When the MN 101 is present in the subnet 103 (in other words, when the MN 101 is connected to the AR 105), the QNE 119, the QNE 117, the QNE 115, the QNE 113, the QNE 111, and the AR 105 are present on a downlink-direction path 137 from the CN 121 to the MN 101. When the MN 101 is present in the subnet 107 (in other words, when the MN 101 is connected to the AR 109), the QNE 119, the QNE 117, the QNE 115, the QNE 125, the QNE 123, and the AR 109 are present on a downlink-direction path 139 from the CN 121 to the MN 101. The path 137 and the path 139 partially overlap. A CRN between the path 137 and the path 139 is the QNE 115.

In FIG. 6, the data packet transmitted from the CN 121 to the MN 101 is transmitted via the path 137. At this time, all QNE 111, QNE 113, QNE 115, QNE 117, and QNE 119 on the path 137 have a QoS state related to the data packet to be transmitted from the CN 121 to the MN 101. In other words, each QNE 111, QNE 113, QNE 115, QNE 117, and QNE 119 holds a QoS state in which a filter D and a resource D are correlated. The filter D is the filter information of the path 137 (the filter information in which the IP address of the CN 121 is included as the destination address and the IP address [cCoA] assigned to the MN 101 by the subnet 103 is included as the destination address). The resource D is resource reservation information corresponding to the filter D. The QNE 111, the QNE 113, the QNE 115, the QNE 117, and the QNE 119 are configured to identify the filter information (filter D) with reference to the header (particularly the source address and the destination address) of the data packet transmitted from the CN 121 to the MN 101 and guarantee the QoS based on the corresponding resource reservation information (resource D).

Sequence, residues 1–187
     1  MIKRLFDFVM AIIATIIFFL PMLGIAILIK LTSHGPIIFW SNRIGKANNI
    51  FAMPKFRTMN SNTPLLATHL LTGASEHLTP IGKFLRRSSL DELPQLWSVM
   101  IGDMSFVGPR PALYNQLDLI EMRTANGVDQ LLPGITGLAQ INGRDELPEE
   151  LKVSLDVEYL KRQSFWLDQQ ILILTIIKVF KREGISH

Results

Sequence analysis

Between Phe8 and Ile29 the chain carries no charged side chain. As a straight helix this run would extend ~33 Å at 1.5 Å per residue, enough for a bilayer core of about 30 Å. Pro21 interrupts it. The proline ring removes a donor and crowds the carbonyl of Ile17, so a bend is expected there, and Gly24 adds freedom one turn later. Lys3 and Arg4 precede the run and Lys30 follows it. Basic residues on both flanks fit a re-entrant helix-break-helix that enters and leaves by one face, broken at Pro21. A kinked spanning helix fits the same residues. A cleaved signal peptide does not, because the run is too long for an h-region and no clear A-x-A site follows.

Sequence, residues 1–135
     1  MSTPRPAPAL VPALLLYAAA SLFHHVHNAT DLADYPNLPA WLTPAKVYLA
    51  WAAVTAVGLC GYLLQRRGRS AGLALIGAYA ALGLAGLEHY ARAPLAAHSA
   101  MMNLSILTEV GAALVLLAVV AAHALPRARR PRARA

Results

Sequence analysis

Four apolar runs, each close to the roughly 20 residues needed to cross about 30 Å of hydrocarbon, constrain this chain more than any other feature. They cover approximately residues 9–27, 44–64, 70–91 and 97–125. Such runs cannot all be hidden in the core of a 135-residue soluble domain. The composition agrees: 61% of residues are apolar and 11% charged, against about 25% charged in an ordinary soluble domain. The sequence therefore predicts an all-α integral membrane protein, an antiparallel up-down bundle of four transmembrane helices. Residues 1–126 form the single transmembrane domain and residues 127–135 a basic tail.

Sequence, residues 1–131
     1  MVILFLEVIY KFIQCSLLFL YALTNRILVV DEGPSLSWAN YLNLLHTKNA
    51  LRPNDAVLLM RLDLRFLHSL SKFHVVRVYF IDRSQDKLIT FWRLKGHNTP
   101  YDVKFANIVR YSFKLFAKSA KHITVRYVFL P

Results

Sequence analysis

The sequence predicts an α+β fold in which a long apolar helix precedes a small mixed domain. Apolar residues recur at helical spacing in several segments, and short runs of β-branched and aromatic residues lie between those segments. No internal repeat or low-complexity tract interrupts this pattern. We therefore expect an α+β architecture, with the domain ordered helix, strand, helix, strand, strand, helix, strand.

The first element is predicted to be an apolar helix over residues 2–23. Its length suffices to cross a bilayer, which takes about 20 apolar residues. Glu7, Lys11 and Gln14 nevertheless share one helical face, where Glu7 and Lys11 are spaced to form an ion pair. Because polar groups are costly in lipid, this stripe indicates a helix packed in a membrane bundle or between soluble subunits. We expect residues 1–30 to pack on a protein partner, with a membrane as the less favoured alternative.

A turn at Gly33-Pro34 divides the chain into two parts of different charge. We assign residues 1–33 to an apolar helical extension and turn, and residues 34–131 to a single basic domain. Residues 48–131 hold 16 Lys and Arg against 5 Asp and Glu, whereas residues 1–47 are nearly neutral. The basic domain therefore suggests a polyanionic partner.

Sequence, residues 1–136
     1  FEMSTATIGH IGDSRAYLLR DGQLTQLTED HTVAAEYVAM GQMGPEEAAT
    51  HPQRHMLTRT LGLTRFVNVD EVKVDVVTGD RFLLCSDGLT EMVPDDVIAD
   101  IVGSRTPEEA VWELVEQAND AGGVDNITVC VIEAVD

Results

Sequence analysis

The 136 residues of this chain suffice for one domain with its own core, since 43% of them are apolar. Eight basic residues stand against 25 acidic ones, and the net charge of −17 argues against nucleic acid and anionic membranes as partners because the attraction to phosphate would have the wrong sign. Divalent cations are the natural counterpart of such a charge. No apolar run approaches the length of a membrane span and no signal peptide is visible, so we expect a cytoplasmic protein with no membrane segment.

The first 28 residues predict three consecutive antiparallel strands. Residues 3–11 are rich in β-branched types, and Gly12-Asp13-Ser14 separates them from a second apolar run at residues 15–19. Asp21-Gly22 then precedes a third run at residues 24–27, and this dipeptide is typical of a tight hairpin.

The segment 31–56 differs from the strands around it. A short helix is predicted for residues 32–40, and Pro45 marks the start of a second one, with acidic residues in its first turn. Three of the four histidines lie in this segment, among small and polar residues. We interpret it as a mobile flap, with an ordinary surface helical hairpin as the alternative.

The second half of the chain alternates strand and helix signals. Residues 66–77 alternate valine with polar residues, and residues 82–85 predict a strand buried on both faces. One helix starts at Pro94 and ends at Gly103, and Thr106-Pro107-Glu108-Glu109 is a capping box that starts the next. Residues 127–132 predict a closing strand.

The MN 101 may possibly move to the subnet 107. The MN 101 requests the proxy 123 to establish the predictive path (the path 139) or a portion of the predictive path. The proxy 123 establishes the predictive path or the portion of the predictive path before the MN 101 moves to the subnet 107. As a result, after the MN 101 actually moves to the subnet 107, the QoS path from the MN 101 to the CN 121 is established more quickly. The interrupt time of the QoS guarantee caused by the handover can be shortened.

When the QNE (proxy) 123 receives a trigger of some kind to establish the predictive path, the QoS path is established between the QNE (proxy) 123 and the CRN (here, the QNE 115). When the new path is established, the QNE (proxy) 123 and each intermediate QNE (such as QNE 125) between the QNE (proxy) 123 and the QNE 115 have a new QoS state. In other words, as shown in FIG. 7, in the QNE (proxy) 123 and the QNE 125, the resource D that is the same resource reservation information as that of the filter D is set for filter information (filter E) including the IP address of the CN as the source address and including the IP address of the QNE (proxy) 123 as the destination address.